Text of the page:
• mohammed marika thambi
    mohammed marika thambi Jun 04, 2009

    If you look on the side of the boxes, you will see numbers. They
    usually read 100, 200, 1000, sometimes they go as high as 3200. That’s
    the film speed,
    called “ASA”. Each number has a different use. The lower numbers
    (100,200) are lower film speeds. The film speeds will also roughly
    correspond to the time it will take to snap you picture (shutter speed
    ). A lower ASA will take a longer shutter speed to snap the perfect exposure. Professionals like these film speeds

    because they will produce a crisper looking picture. So why not always
    use a low film speed? Well, in most cases you can. If you are outdoors,
    where there will be lots of light, low film speeds are ideal. If you
    are inside, they can also be ideal, as long your camera is on a tripod,
    and your subject does not move much. A low film speed indoors (or at
    night) could take as much as a 1/30 of a second or longer to get the
    right exposure. If your camera
    is not on a tripod, or if the subject is moving, you will get blurry
    pictures back. Higher film speeds, such as a 1000 speed, will take a
    shorter time for the picture to be taken. So why not always use a
    higher film speed? You can, but higher film speeds are 1) more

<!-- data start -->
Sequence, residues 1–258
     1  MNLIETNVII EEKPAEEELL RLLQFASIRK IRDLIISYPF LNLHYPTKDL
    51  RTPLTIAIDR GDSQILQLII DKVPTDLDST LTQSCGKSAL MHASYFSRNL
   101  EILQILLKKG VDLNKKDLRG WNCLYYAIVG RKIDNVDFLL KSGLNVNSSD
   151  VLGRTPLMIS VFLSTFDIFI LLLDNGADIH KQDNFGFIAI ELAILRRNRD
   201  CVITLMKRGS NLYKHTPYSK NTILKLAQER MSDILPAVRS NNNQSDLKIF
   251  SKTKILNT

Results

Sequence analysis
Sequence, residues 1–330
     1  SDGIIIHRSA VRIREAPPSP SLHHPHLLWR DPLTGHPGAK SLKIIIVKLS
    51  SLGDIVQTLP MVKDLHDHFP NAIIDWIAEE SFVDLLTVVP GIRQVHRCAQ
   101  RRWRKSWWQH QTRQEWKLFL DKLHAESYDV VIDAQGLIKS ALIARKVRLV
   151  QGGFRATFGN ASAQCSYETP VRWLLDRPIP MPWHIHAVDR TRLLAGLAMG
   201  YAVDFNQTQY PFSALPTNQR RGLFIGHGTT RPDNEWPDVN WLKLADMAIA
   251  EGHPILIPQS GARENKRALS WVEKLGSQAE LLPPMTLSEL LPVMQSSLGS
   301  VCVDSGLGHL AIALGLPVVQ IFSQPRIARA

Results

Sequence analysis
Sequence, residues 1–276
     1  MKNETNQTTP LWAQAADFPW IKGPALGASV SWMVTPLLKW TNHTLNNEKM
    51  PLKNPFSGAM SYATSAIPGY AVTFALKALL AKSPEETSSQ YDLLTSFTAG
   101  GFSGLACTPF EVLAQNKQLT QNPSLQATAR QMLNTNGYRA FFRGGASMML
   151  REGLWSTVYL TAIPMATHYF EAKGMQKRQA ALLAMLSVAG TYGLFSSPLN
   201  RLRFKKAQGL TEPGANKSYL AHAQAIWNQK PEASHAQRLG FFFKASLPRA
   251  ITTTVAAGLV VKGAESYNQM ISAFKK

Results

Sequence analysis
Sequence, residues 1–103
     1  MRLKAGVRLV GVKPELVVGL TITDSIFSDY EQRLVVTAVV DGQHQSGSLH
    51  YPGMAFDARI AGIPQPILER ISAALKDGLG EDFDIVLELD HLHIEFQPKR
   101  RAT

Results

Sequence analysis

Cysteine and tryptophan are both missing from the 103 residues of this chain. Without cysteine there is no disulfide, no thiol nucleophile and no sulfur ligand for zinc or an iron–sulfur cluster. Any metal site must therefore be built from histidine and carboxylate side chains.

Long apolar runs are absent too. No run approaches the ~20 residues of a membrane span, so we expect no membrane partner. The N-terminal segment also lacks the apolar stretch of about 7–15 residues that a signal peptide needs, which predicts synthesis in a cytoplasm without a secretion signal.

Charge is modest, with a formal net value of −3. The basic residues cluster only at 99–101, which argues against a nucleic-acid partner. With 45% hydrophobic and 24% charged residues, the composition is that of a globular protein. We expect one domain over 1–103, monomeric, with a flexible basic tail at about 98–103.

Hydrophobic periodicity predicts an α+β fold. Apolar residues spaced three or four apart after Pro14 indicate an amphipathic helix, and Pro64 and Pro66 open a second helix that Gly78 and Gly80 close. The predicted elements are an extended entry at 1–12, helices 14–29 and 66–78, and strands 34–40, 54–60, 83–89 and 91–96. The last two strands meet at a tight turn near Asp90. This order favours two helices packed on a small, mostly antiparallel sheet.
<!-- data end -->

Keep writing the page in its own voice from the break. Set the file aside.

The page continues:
expensive and 2) will leave the picture grainy. You will not as sharp
    of a picture. That could be bad if you are planning to enlarge your
    picture. Anything over a 5 x 7 print with 1000 speed film is not a good
    idea, because you will be enlarging the graininess of the film. Sports
    photographers often use film speeds of 1000 or higher because there are
    able to “stop” the action in not so ideal lighting conditions. If you
    plan to shoot at night, or in a dark room, with little light, a higher
    film speed might suit your needs better.

    So there is your lesson in choosing film. If that is too much to
    remember, just keep this in the back of your mind. The lower the
    number, the more light you will need. The higher the number, the less
    light you will need. That rule will get you well on your way to
    producing good pictures.



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Use old fashion dark room

Posted on Jun 04, 2009

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Problem in camera or film roll??


Hey msenile,
It is possible that each frame would have image data imprinted without and image being exposed. This could be caused by the shutter not opening while the camera still exposing the film internally with the image data recorded. It is unlikely that this bad film since the emulsion covers the entire surface of the film and if it were bad the image data would not be recorded either. Another cause of this but very unlikely is every frame was somehow extremely underexposed. This could happen if the camera is set to manual and the light level is low and the shutter speed is set to a fast speed and the aperture is set to a very small aperture. I hope this helps!

Sincerely,
Allan
Go Ahead. Use Us.

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You rewound the roll to fix the camera and now you want to advance over the exposed film to get to the unexposed part? Not a problem, just put the camera to full manual and load up the film, now cover the lens with the lens cover and go into a dark closet and start shooting and advancing until you get to the unexposed portion of the film, there you go. You know you can get 24 exposures of 35mm film for 99 cents and the 99cent store?